Cru Beaujolais ages faster than most other wines. There’s no such thing as maturing wine in a hurry, but would you rather wait 20 years for your wine to achieve maturity or more like three to five years? I’ll be honest: I’ve NEVER waited 20 years for a wine to mature. 20 years ago, I rarely waited more than a few hours before opening up a newly acquired bottle! But 20 years is what it takes for many wines from Bordeaux or Piedmont, for example, to really hit their stride. With Cru Beaujolais, you can have a cellar full of mature wines in just a few years.
3. It’s Your Only Choice.
If you want to enjoy mature Beaujolais, you really have no other options. Those 20-year-old Bordeaux and Piedmontese wines? You can buy them at auction. Or from us when we have cellars to sell. Just go on wine-searcher and you’ll see all kinds of options. But mature Beaujolais? You’re not going to find it. Ok, sometimes we’ll find a cellar with five or ten-year old Cru Beaujolais – often we buy those cellars from our own clients, and we’ve been preaching this stuff for a long time now! – but those bottles get snapped up right away. The fact is, unlike most great wine regions, if you want to drink mature Cru Beaujolais, you have to buy it and lay it down yourself.
4. It’s Reliable.
If you’ve ever tried cellaring wines from Burgundy or Barolo, say, I think you’ll agree that it does not always work out. Think that 10 year old Premier Cru should be singing right now? Open it up, and it’s mean and shut down. Even hours of decanting yield nothing. This happens all the time! But it never happens with Beaujolais. Beaujolais never seems to go through awkward, shut down periods. Sure, you can drink it too late – all wine will eventually decline – but good Cru Beaujolais is pretty much delicious at any stage of its 10-15 year (on average) curve (but see 5 below). Cru Beaujolais is a safe and reliable option!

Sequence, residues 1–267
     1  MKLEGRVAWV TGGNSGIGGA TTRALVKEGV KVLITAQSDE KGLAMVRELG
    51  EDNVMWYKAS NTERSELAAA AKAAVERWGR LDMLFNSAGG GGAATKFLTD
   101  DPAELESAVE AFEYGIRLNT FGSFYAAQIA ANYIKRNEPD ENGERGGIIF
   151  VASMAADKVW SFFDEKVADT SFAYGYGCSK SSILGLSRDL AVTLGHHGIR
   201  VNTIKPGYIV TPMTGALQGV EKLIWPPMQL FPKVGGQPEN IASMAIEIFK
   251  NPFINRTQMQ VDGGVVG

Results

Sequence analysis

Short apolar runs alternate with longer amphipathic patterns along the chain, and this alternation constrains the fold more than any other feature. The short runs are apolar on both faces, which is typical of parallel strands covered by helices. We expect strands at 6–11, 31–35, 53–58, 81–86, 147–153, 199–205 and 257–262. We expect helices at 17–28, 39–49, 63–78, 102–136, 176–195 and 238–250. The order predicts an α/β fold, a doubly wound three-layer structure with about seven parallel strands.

5. It’s Necessary…. Sometimes.
Even most ageworthy Beaujolais is delicious on release. And yet, some Cru Beaujolais simply MUST be cellared. They just don’t taste that good in the first couple years of their life. This is true of the traditional Chateaux that make Moulin-a-Vent in the old, Burgundy style (namely, Chateau des Jacques and Chateau de Moulin a Vent). It’s also true of some newer producers that are employing a more structured, Burgundian style, like Desjourneys and, to a lesser extent, Lafarge-Vial. All of these producers make great wine, but it’s not really at its best until you’ve waited a few years. And good luck finding great old bottles unless you’ve gone to the trouble of cellaring them yourself.
Finally, I have to again mention pricing. The Fleurie VT from Clos de la Roilette is still, in 2020, under $30 per bottle. At 10 years old the wine is magnificent, with the same degree of nuance and complexity as many premier crus from Burgundy. Crazy but true. You could spend $100+ dollars on that Burgundy, or less than $30 on a Beaujolais. So yes, a good reason to cellar Cru Beaujolais is that it is a screaming bargain.
All that said, none of this means that every time you buy a Beaujolais from now on you need to stick it in your wine fridge for five years before opening it. Absolutely not. I also don’t think that you should give up cellaring wines from Bordeaux, Piedmont, Burgundy etc, and focus exclusively on Beaujolais. Those wines are just too good and you’ve got to have some great wines to drink with your grandkids, right?
So what should you do?
Here are my tips: